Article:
Nike Inc. is ending its Oregon Project supporting elite track athletes after a top coach was banned for violating anti-doping rules in a scandal that has engulfed the sport’s biggest corporate backer.
A company spokesman confirmed the decision, which came less than two weeks after the project’s head and coach Alberto Salazar was barred from the sport for four years.
The project’s demise is a blow to Nike’s track and field efforts. The company has $4.5 billion in annual running sales, and its marketing within the professional ranks is a large part of that appeal. Nike is the biggest sponsor of running both in the U.S. and abroad, with close partnerships with the U.S. Olympic Committee, USA Track & Field, international events and national bodies.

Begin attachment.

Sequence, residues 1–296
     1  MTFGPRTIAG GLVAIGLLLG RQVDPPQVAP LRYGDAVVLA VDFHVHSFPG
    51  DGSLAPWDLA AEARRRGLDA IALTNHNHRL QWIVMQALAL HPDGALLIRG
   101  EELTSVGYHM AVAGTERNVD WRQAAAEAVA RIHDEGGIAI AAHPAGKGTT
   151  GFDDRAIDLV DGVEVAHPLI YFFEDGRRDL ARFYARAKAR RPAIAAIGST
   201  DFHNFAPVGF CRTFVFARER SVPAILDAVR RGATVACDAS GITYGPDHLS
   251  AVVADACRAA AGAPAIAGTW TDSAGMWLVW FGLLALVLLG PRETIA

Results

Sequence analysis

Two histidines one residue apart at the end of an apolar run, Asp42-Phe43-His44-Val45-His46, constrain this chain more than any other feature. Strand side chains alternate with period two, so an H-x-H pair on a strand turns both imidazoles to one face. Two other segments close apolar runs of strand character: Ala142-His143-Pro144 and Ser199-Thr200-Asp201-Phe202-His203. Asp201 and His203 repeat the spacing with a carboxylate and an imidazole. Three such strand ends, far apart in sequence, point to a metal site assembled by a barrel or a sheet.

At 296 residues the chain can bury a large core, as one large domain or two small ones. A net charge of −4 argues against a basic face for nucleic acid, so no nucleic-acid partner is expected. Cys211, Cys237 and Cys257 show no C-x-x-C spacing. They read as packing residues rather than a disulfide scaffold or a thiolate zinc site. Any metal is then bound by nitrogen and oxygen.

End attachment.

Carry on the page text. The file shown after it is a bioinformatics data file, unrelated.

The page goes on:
“This situation, along with ongoing unsubstantiated assertions, is a distraction for many of the athletes and is compromising their ability to focus on their training and competition needs,” Nike Chief Executive Officer Mark Parker said in a letter sent to the project team Thursday. “I have therefore made the decision to wind down the Oregon Project.”
Nike shares were up 1.3% to $94.23 at 9:35 a.m. Friday in New York, having gained 25% this year through Thursday.
Following a U.S. Anti-Doping Agency probe that spanned years, an independent arbitration panel found that Salazar helped traffic testosterone, a banned substance, and tampered with evidence, but found no evidence that he administered the drugs to runners. Salazar has denied wrongdoing and has said he will appeal.